commercial sex workers, relatives and land buying brokers and companies. Most of these men
are illiterate and have no basic knowledge on land selling laws, procedure and valuing. They end
up being conned and due to frustrations, shame and ridicule they end up in urban centres to
escape the reality of the village life. The children and the rest of the families are evicted. These
children end up working. This will continue to be a single most challenge on a daily basis among
the Kajiado Maasai.

When the Maasai sell their land they buy more livestock but with a diminishing resource base
they end up being decmated during the drought. The children are left with nothing to do and end
uo being employed as herds boys and domestic workers.

Narok District is home to the world renowned tourist destination; the Maasai Mara. This is also
predominantly, Maasai. The Government has slapped a ban on any further development of
tourist lodges in the Mara and as such, private developers are streaming to the communities
neighbouring, with sole goal of leasing land for erect tented camp. As it stands, 90% of land
neigbouring the Maasai mara game reserve has been leased out to tour operators and children,
mainly young morans, are now busy entertaining the Tourists. Tourism will remain a serious
threat to maasai livelihood.

7.10 HIV/AIDS
The number of children orphaned by hiv/aids is increasing and so is the number of children
who are working to be able to take care of their siblings and with the social disruptions of
traditional livelihoods, the social safety nets have been distorted and weakened to the level that
relatives tend to use orphans to look after their livestock, while their own kids go to school.




                                                                                                  46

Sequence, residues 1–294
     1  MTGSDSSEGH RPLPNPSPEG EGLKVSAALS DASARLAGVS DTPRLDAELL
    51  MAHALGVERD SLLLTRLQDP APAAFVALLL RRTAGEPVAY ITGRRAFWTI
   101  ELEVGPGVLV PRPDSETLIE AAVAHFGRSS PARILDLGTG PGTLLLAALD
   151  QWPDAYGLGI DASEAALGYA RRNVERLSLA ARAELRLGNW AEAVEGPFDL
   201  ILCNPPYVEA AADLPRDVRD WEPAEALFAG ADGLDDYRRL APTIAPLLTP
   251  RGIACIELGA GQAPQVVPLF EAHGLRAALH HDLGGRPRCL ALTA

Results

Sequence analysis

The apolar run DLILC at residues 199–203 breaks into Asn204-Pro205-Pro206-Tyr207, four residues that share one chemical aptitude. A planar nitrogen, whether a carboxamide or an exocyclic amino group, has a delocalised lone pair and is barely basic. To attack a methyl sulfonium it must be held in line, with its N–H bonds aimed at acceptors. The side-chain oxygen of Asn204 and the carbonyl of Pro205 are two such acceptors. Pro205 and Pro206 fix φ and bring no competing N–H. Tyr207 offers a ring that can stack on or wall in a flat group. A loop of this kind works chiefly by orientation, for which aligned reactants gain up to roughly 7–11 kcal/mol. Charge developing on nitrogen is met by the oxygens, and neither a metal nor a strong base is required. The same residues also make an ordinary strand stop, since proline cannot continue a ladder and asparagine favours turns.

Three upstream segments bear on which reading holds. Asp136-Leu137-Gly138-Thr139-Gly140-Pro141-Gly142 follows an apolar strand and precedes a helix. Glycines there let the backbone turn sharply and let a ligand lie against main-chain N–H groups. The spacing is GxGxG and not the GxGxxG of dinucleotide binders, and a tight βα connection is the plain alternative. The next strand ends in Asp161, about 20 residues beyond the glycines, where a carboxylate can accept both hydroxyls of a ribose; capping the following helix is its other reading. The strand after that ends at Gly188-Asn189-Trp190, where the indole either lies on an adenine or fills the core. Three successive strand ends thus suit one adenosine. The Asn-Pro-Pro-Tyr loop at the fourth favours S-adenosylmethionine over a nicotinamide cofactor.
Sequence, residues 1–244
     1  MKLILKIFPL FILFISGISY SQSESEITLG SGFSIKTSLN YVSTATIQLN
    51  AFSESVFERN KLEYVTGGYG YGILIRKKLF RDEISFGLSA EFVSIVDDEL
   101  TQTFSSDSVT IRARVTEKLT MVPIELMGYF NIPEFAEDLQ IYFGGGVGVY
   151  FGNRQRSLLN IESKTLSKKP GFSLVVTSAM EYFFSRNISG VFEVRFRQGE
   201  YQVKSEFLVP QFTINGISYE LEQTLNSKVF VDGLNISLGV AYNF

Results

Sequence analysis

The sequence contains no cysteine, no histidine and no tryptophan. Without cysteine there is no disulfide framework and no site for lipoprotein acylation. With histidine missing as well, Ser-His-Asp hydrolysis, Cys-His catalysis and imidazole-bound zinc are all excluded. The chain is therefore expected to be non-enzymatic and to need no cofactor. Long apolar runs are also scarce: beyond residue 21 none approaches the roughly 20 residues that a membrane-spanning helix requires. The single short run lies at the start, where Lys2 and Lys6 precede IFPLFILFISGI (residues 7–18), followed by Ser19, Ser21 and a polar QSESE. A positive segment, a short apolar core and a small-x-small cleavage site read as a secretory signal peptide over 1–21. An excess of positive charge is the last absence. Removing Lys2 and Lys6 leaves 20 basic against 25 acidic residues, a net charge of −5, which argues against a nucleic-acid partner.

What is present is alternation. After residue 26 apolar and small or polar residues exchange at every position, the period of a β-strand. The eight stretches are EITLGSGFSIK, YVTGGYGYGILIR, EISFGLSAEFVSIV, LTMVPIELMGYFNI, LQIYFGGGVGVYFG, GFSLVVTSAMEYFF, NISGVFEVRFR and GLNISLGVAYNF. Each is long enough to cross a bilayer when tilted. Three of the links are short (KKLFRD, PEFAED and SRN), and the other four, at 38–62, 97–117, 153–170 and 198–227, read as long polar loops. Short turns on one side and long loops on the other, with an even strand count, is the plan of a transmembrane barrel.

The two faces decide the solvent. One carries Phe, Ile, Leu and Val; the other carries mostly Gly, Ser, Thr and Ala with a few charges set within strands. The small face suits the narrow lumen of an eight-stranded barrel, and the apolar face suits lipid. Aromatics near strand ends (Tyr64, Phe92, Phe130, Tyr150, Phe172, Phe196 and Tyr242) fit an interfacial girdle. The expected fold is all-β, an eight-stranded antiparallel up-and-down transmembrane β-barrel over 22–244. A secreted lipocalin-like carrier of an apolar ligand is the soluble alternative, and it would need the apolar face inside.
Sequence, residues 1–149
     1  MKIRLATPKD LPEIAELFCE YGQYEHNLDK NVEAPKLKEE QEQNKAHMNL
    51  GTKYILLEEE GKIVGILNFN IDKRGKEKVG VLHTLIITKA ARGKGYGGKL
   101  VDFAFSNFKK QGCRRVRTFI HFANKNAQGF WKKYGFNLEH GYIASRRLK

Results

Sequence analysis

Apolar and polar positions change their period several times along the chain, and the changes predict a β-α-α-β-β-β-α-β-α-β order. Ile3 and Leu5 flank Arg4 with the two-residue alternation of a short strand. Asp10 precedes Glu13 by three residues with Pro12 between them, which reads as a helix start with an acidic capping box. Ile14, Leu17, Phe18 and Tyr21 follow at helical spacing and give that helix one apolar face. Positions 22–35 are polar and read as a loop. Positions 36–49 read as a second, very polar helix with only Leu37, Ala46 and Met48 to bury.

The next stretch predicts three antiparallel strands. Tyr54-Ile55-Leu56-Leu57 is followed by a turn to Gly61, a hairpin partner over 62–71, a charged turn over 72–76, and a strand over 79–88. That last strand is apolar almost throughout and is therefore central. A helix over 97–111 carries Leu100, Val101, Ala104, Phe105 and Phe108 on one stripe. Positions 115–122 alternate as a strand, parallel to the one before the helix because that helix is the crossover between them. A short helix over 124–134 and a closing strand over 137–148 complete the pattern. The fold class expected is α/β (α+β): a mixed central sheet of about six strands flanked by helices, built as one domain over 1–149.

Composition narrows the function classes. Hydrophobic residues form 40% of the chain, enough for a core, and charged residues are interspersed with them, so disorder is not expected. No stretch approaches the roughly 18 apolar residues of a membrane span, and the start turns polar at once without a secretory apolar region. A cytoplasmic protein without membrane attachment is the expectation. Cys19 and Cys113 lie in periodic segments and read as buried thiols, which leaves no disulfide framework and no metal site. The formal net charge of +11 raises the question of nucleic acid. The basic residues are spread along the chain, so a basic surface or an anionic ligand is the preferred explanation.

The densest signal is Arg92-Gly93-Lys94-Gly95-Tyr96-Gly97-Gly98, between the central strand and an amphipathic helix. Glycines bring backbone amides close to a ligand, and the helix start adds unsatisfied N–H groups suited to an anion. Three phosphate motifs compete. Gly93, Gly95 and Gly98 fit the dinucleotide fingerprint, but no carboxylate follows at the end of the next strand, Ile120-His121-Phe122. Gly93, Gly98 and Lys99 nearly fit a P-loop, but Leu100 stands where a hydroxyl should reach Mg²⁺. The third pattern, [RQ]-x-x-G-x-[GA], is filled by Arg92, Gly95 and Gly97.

Chapter six

8.0       Recommendations and strategies for Interventions

7.1       Community Awareness and Capacity Building on Child Labour and its Effects
This will need to be undertaken at national, community and civil society level. Awareness on
child labour in general, WFCL, domestic labour, international and national laws and standards
that prohibit child labour.


8.2       Lobbying and advocacy
         Lobbying the Ministry of education to formulate education policies and programmes
          relevant to indigenous peoples.
         Lobby the Ministry of National Heritage to draw serious attention to the importance of
          registering children on birth
         Lobby and create awareness in communities on the consequences of child labour, FGM
          and early marriages and other cultural practices demean children and their future.
         Lobby government to formulate policies that are supportive to pastoral livelihoods and to
          provide adequate relief during the time of conflicts.
         Lobby NGOs to mainstream child labour in their normal human rights advocacy and
          commuhnity development interventions
         Lobby UN agencies to support indigenous peoples organization in addressing child
          labour
         Lobby the media to highlight the plight of indigenous children
         Lobby MPs so as to secure financial resources from the devolved Fund such as the
          consitituency Development Fund to be used in addressing Child Labour


8.3       Develop a knowledge based on IPOs(Indiegnous peoples organisations) working
on issues of CL (child labour)
There is no directory of IPOs and programmes specifically working on child labour among
indigenous peoples and as such there is no networking, cross learning and synergy building